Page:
Hubble Space Telescope captures odd couple of galaxies
image: NASA/Hubble

Hubble Space Telescope captures odd couple of galaxies

Hubble Space Telescope has captured an odd pair of galaxies – one large spiral galaxy and its companion. The pair is collectively called Arp 86. The larger spiral galaxy is NCG 7753 and the smaller galaxy is NGC 7752.

They are close enough that the smaller NGC 7752 seems to be touching one of the arms of NCG 7753, which is the reason they are given a shared name where “Arp” stands for the Atlas of Peculiar Galaxies. It is a list of galaxies that are compiled by an astronomer named Halton Arp in 1966.

Understanding star formation in detail

The list also includes spiral galaxies with three arms, or with just one, or with one arm heavier than the others. It also includes odd-shaped amorphous galaxies or double or multiple interacting galaxies. As for Arp 86, it could enable scientists to understand how stars form in cold gas environments.

 “Hubble observed Arp 86 as part of a larger effort to understand the connections between young stars and the clouds of cold gas in which they form,” Hubble scientists write. “Hubble gazed into star clusters and clouds of gas and dust in a variety of environments dotted throughout nearby galaxies. Combined with measurements from ALMA [the Atacama Large Millimeter/submillimeter Array], a gigantic radio telescope perched high in the Chilean Andes, these Hubble observations provide a treasure trove of data for astronomers working to understand how stars are born.”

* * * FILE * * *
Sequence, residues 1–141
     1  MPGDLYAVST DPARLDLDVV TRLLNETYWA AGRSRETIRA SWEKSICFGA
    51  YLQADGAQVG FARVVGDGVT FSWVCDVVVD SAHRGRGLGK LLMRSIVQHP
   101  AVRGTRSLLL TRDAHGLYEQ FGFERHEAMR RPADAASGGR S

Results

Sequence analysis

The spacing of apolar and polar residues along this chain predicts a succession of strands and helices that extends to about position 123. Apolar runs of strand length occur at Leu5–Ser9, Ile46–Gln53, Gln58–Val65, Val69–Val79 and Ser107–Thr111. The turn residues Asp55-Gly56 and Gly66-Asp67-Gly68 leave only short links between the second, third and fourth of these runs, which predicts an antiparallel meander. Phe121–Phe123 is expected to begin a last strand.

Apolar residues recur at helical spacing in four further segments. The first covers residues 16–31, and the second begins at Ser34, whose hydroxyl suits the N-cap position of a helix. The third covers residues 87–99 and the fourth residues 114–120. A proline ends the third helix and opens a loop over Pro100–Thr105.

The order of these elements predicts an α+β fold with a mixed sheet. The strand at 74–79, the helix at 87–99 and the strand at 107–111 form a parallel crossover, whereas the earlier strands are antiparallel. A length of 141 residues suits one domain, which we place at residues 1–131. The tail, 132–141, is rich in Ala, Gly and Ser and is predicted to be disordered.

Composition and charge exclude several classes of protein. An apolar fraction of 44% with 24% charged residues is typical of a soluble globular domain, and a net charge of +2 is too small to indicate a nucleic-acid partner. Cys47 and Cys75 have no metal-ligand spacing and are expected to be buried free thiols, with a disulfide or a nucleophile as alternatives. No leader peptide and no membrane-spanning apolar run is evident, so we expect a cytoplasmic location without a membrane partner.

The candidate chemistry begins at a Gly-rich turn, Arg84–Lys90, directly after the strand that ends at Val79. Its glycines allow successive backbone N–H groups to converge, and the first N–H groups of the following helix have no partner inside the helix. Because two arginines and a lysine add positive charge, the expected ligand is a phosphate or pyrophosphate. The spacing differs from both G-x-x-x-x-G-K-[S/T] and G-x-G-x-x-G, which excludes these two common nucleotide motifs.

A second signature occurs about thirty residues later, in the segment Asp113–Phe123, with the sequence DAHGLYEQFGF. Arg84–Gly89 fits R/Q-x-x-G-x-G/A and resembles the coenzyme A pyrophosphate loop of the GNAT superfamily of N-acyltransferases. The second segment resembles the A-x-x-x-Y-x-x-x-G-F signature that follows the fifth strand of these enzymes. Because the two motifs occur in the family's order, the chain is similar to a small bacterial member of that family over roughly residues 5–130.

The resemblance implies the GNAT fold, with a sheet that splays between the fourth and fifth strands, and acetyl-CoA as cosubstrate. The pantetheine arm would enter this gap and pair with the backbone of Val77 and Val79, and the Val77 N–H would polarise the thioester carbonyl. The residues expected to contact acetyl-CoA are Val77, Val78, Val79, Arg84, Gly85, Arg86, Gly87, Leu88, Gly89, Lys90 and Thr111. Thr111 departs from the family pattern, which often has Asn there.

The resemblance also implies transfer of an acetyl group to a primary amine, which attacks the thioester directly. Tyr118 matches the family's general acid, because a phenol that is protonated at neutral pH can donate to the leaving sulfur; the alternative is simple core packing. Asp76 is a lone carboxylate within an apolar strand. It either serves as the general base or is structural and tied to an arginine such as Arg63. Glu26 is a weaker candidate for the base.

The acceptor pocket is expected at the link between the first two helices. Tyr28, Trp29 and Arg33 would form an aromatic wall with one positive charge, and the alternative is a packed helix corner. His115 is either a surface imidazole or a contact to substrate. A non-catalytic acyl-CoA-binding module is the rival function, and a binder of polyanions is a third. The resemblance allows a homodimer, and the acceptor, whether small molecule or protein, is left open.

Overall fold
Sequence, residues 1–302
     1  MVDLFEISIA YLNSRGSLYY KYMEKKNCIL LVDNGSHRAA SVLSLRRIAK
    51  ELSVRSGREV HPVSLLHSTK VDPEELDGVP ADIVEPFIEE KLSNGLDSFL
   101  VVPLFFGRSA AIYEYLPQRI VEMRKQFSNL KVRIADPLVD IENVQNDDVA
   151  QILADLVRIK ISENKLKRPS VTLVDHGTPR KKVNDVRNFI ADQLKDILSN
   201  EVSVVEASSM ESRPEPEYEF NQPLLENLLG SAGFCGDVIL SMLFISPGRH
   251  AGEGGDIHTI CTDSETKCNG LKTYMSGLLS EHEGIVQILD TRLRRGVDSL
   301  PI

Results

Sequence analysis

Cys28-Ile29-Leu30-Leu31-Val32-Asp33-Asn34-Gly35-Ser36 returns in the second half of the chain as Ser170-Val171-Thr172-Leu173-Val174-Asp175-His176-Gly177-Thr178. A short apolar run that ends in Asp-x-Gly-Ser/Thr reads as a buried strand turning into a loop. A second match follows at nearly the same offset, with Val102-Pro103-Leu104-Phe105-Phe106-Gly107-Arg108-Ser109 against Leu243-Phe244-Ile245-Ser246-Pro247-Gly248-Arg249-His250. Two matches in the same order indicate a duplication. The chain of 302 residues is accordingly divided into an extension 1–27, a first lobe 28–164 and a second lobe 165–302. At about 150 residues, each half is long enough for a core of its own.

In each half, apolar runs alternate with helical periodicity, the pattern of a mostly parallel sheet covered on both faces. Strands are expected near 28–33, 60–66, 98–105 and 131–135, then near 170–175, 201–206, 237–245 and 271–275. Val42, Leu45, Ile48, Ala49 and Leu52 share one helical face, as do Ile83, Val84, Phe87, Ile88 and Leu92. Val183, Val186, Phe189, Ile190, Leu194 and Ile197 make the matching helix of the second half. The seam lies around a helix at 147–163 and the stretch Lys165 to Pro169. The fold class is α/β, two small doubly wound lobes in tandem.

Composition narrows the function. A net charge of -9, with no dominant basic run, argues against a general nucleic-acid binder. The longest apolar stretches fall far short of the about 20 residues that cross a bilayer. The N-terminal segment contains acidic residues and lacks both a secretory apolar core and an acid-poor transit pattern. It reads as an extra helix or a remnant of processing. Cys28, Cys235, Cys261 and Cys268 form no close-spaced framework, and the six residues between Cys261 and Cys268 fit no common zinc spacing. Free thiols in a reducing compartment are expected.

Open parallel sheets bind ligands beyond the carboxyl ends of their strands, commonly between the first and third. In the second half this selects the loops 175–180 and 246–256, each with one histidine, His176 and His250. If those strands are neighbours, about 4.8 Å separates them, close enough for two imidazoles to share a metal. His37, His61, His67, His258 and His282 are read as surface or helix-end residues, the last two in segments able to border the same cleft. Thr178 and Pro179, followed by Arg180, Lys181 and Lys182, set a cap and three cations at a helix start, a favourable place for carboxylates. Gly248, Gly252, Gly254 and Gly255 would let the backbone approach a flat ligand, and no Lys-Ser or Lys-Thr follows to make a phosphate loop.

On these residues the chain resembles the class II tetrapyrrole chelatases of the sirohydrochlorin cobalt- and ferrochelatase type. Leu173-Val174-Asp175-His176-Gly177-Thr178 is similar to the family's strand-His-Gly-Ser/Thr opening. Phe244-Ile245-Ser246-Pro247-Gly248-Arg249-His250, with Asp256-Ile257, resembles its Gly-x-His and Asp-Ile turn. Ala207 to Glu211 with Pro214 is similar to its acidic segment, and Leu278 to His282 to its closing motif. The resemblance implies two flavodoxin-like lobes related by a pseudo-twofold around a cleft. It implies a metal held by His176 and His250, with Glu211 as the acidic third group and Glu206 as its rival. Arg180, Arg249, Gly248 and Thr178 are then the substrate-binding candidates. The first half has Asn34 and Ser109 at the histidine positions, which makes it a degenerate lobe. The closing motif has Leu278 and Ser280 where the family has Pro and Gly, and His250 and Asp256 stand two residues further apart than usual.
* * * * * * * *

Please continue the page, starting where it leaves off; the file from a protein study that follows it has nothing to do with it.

Hubble doing what it does best

Recently, Hubble found something very rare when it captured a star going supernova. Supernova SN 2020fqv lies in the two interacting Butterfly Galaxies, which are 60 million light-years away from our planet. It was first spotted in April 2020 by the Zwicky Transient Facility at the Palomar Observatory when the star was at an initial stage of a supernova, and the Hubble team turned their attention to it.

Hubble caught a glimpse of the material around the star called circumstellar material, just hours after the supernova occurred. It is a great opportunity for scientists to study what happened to the star during the end of its life.

Disclaimer: The above article has been aggregated by a computer program and summarised by an Steamdaily specialist. You can read the original article at nasa
Close Menu